• The graph of a linear inequality in two variables is a half-plane. The boundary line of the half-plane is dashed if the inequality is < or > and solid if the inequality is  or .
  • Graph each inequality in the system on the same set of axes.
  • The graph of the solution set is the region common to the regions being graphed.
  • Choose any arbitrary point within the solution set.
  • Substitute the ordered pair to the original inequalities to check if it satisfies both relations.

Solved Example of Linear Inequalities in Two Variables

Graph the system x-y<33x+y>6.


Step 1. Sketch the graph of x-y<3. The graph is the open half-plane above the line x-y=3.

Step 2. Using the same coordinate grid, graph 3x+y>6. The graph is the open half-plane above the line 3x+y=6.

Notice that the graph of the system is the double-shaded area. 

Choose (2, 2) which is a point in the double-shaded region. 

Substitute it to the inequalities in the system.


2-2<30<3 (TRUE)


32+2>68>6 (TRUE)

Cheat Sheet

  • In the example 2x+4y=-14x+3y=5, we multiply one or both equations in the system by a suitable number to find the solution. This is also a form of elimination method.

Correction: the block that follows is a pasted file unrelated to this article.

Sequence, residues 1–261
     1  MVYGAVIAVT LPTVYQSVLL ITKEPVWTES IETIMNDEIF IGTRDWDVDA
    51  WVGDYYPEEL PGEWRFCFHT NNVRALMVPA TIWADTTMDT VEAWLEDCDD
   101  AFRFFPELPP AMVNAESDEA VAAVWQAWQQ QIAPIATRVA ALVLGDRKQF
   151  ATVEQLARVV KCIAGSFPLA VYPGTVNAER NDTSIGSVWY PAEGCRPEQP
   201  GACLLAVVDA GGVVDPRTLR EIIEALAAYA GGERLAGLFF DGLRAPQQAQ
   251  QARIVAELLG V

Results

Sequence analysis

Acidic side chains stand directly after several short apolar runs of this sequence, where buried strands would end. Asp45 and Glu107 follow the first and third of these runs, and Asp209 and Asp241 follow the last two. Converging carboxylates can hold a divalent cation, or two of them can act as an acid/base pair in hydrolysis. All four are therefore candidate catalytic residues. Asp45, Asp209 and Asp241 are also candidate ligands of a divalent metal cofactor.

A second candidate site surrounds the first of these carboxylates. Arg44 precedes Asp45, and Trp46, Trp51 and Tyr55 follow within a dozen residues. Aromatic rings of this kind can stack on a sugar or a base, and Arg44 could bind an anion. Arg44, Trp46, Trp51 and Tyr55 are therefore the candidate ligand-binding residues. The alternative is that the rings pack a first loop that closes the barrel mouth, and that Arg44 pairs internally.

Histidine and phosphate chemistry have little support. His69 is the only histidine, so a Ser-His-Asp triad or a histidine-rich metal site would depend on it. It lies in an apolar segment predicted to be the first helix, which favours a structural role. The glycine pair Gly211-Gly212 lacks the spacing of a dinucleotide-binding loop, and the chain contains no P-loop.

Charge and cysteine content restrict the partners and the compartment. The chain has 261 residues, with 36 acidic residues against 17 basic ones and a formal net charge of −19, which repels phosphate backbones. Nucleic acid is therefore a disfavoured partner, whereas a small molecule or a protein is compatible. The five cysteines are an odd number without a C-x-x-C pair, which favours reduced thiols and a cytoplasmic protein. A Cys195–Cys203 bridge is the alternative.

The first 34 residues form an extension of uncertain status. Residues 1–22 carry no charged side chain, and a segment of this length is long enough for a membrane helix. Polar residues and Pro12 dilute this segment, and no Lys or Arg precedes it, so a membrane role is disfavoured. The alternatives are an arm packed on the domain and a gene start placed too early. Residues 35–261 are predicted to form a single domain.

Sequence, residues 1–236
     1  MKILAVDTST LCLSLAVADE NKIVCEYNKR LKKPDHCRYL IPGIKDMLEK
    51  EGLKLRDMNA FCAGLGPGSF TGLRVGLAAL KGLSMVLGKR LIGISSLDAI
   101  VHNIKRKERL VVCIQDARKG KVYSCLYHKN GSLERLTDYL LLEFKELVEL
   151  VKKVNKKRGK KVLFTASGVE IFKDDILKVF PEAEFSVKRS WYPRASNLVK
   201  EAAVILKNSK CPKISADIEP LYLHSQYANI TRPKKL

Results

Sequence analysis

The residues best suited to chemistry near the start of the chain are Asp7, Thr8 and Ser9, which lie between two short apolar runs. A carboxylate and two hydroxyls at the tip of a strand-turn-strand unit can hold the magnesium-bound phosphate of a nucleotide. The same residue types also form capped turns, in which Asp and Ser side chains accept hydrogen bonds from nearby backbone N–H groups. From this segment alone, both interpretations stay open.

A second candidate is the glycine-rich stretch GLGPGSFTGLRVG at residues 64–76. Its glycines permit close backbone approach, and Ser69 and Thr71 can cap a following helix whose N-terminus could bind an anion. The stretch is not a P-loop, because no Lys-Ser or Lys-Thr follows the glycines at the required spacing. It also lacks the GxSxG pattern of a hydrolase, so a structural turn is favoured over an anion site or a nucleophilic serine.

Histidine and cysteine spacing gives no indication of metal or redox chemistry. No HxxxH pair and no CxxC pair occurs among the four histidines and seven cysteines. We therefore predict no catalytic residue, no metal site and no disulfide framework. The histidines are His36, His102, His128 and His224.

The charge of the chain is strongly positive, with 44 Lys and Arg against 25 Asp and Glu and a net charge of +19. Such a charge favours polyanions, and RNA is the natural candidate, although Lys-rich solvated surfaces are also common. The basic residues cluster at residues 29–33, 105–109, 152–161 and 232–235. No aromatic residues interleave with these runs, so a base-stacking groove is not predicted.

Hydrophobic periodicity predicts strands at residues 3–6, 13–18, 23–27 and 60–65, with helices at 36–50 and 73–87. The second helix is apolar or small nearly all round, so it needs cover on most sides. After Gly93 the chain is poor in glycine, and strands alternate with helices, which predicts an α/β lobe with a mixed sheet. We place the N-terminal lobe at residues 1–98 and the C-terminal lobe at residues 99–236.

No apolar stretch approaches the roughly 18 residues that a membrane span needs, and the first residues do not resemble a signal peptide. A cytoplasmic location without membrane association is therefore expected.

• If the slopes of the equations in the system are equal and the y-intercepts are not equal, then the linear system has no solution.
  • If the slopes of the equations in the system are not equal and the y-intercepts are equal or unequal, the linear system has one solution.
  • If both the slopes and y-intercepts of the equations in the system are equal, the linear system has infinite solutions.
  • To determine whether the slopes of the lines in the system are equal, we can change the equations in slope-intercept form y=m1x+b1y=m2x+b2.
  • In solving word problems involving linear systems in two variables or inequalities, read and understand the problem carefully. Decide which quantities are unknown and represent them in symbols. Based on the given conditions, formulate two linear models. Solve the system algebraically or graphically. Check your final answers based on the given conditions. For linear inequalities, sketching the graph is always required.

Blunder Areas

  • Always be mindful of using the basic integer operations when solving a linear system in two variables using algebraic methods.
  • Not all systems of linear equations in two variables are written in standard form a1x+b1y=c1a2x+b2y=c2. In such cases, always simplify the equations in the system either in standard forms or slope-intercept forms.
  • After finding the values of x and y, always check the values in both equations.
  • Be careful with the use of strict/pure inequality symbols < or >, and the not-pure inequality symbols ( or ) when finding the solution of the linear system of inequalities in two variables.
  • We can still use the elimination and substitution methods in solving a linear system of three variables. However, it is more convenient to use matrices and determinants.
  • The two intersecting lines modeled by the equations in the linear system may be perpendicular. Inspect their slopes to see if m1=-1m2.